He acknowledged the importance of nutrition in a food production policy. His book contains chapters on irrigation, land policy colonization, rural indebtedness and agricultural labour.
“His self-sufficiency promotion thrust in relation to agriculture was guided by three interrelated considerations: first, as a technology-based on science, second, as an industry based on tradition and thirdly, a business to be founded on economics and not merely a way of life”- R L Brohier: ‘Ancient Irrigation Works in Ceylon’-Page 70
Never bowed down to Powerful West
In early 1949 Commonwealth’s economy was in dire straits when they tried to enforce authority over their former colony by making a deliberate effort to misuse our Dollar Reserves by making us a signatory to the ‘Sterling Assets Agreement’. Prime Minister Senanayake, in this serious issue, abundantly demonstrated his patriotism. The conflict demanded a delegation visiting the UK. J R Jayewardene, Finance Minister with his American adviser John Exter, [later the first Central Bank Governor it was his wisdom that he got Exter because he never trusted British Administrators], attended the Commonwealth Finance Minister’s Conference summoned by Briton. DS sought to maintain our foreign assets as it was and advised the delegation,
"We are an independent nation. Our dollar earnings are our own...., if we are not allowed to act independently then obviously we must leave the ‘Sterling Area...’, the UK government cannot oppose this. So go ahead and tell them you will leave unless you are permitted to keep your country’s earnings” - JRJ speeches- Pres. Arch. File 195-a.
"He acknowledged the importance of nutrition in a food production policy. His book contains chapters on irrigation, land policy colonization, rural indebtedness and agricultural labour"
Don Stephen Senanayake entered politics when he was elected to the Legislative Council at the age of 40. In an article to a national daily after the death of Prime Minister, the famous English author John Seymour [‘Hard way to India’ fame], wrote,
“The Prime Minister very amusingly told me, how he had made a train trip to Batticaloa, many years ago as Minister of Agriculture (under Donoughmore constitution, in the 1930s) and how the train had stopped at a siding in the jungles of Minneriya. He had got down wandered off into the jungle and came across by accident the Minneriya tank, abandoned for centuries. The farmer in him had been struck immediately. He had returned to Colombo, determined to push the government to commence restoration of the tank and resettlement of dry zone.” –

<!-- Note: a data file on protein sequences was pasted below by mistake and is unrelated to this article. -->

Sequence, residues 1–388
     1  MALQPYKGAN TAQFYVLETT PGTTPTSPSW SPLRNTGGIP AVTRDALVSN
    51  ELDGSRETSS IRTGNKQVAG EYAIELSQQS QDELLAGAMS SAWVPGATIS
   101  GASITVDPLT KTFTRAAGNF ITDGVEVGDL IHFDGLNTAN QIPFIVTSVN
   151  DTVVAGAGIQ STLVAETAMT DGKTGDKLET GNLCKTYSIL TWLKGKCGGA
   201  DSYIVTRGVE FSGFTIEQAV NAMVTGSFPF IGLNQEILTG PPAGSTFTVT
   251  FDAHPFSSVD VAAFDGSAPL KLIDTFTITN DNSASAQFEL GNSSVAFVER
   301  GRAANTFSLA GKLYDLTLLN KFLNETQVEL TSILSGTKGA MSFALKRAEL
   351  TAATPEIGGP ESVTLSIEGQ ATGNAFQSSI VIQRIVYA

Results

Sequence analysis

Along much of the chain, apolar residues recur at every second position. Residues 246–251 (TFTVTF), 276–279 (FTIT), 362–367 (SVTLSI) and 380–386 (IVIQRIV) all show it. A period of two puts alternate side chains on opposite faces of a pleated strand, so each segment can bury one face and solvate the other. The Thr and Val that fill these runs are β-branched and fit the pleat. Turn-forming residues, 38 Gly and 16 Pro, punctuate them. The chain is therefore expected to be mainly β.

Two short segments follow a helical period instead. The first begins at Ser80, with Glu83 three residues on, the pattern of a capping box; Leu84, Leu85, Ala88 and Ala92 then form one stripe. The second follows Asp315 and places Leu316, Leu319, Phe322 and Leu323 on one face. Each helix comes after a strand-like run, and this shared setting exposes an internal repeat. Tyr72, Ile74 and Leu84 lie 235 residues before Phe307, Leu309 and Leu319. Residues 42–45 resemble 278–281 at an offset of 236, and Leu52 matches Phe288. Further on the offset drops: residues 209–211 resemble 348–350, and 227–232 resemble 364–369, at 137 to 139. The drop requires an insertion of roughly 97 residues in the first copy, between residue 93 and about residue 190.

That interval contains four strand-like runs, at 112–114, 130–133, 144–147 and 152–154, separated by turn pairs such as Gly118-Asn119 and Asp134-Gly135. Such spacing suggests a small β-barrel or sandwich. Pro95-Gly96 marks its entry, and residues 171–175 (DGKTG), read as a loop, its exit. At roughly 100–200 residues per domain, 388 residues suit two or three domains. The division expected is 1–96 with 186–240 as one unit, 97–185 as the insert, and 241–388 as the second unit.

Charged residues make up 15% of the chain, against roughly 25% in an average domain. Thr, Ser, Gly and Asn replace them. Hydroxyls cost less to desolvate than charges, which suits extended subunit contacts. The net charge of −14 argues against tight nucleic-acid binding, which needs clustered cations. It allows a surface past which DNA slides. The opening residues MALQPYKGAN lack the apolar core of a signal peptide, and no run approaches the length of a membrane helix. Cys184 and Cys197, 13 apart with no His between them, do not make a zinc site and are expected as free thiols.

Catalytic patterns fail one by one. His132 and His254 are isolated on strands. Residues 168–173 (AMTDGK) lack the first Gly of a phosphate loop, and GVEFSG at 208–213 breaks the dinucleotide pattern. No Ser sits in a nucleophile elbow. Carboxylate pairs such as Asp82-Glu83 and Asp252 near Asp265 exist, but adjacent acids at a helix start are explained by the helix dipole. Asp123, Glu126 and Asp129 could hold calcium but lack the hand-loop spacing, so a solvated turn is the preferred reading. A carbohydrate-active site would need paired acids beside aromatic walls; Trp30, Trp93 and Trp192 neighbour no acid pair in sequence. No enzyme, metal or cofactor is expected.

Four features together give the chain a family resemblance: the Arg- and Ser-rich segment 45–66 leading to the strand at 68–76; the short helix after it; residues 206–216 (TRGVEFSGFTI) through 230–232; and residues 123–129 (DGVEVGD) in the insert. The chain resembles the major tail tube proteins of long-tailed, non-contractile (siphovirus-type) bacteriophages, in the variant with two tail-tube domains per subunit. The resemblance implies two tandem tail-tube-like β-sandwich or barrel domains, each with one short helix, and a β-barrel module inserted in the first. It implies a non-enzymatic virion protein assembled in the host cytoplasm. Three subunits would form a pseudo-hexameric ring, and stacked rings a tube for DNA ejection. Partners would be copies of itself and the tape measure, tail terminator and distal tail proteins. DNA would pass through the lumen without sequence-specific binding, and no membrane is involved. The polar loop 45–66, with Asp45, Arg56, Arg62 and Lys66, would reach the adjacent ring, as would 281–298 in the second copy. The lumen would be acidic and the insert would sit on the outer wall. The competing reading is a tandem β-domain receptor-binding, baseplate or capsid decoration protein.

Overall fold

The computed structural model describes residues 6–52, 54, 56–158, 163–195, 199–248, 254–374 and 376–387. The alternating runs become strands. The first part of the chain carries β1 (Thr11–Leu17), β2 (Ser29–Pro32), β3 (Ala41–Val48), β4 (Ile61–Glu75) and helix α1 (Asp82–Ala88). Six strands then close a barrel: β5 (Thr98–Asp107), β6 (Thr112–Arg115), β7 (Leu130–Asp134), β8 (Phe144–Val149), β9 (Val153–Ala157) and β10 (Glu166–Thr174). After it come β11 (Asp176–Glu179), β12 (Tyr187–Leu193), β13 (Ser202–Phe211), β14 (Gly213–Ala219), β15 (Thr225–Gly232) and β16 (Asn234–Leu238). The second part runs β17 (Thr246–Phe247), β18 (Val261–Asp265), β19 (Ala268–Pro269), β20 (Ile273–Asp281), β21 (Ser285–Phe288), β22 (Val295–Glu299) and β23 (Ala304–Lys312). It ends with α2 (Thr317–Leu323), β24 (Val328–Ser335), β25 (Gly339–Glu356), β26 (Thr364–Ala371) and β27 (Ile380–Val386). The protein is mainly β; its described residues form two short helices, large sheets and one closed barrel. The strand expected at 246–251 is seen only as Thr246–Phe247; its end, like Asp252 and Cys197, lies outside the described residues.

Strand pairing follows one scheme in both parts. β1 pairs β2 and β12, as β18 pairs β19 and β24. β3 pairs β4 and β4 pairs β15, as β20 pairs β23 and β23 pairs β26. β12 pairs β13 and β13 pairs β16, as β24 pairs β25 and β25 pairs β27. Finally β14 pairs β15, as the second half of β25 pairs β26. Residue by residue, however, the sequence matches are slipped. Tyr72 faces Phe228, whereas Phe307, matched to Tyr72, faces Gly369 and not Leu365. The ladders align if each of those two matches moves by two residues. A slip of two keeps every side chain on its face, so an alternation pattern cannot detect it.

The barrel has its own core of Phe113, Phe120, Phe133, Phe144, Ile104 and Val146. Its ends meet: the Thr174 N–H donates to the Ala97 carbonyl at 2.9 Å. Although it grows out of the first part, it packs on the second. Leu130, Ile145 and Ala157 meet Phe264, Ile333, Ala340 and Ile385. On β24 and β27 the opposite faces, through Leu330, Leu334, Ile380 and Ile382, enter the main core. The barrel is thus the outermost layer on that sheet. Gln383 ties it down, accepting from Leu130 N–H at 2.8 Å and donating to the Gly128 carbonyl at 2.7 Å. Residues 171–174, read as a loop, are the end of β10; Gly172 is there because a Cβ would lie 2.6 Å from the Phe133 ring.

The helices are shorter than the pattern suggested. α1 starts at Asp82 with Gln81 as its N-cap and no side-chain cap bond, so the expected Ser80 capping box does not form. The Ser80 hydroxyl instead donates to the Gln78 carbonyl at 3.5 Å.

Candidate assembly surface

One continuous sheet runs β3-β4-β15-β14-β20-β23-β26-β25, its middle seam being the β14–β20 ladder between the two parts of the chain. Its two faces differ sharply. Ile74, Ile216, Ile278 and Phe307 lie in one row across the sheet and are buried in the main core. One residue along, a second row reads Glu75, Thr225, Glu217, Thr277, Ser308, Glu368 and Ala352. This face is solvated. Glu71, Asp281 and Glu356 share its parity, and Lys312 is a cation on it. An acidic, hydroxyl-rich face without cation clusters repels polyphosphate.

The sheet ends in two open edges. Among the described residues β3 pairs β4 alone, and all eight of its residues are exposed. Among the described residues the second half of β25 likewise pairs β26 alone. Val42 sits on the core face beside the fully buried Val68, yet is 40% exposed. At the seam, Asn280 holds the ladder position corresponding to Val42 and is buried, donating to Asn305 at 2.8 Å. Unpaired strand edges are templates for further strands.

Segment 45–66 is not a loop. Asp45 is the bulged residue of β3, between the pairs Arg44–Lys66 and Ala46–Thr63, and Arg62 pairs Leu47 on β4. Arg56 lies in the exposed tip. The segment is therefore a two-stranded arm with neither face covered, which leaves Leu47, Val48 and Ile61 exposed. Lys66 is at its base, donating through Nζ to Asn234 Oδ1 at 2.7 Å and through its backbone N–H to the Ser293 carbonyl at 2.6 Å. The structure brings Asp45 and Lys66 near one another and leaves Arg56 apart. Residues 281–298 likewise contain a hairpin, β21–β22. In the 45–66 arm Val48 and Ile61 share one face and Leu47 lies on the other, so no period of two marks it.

Ceylon Observer: March 24, 1952-Courtesy-Nat. Arch.
In the famous Japanese Peace Treaty speech by J R Jayewardene in 1951 in San Francisco, the full credit goes to the man for his eloquent oratory though, ‘freedom for Japan’ was initiated by DS. The PM’s instructions to the delegation were, “We should not ask for reparations, and we should insist that Japan should recover her freedom.” That was all he told JR. Jayewardene confirmed this addressing the supporters on his return, he said, “I return home after a job well done; I have done it on behalf of the Prime Minister whose instructions I carried out”—De Silva/Wriggins-1988: pp236,243
The wealthy Attygalle sisters of Kolomune, Madapatha were married to FR, D S Senanayake’s brother, John Kotalawale[snr] Sir John’s father & TG, J R Jayewardene’s uncle [late 19th and early 29th Century] whose fortunes were closely interwoven when they subsequently entered the political arena. Their mutual admiration of themselves or through kinsfolk and children, they dominated politics of the country successfully endeavouring for over eight decades and will continue to do so.
The Senanayakes have left many indelible insignias in the annals of Sri Lanka that its citizenry will forever cherish and preserve. The Senanayakes touched our lives in many ways during the past decades of pre and post-independence Island nation. In their interactions with the people, they have added value to the thoughts and perceptions of them.
Yet, we have a lot to learn from Senanayakism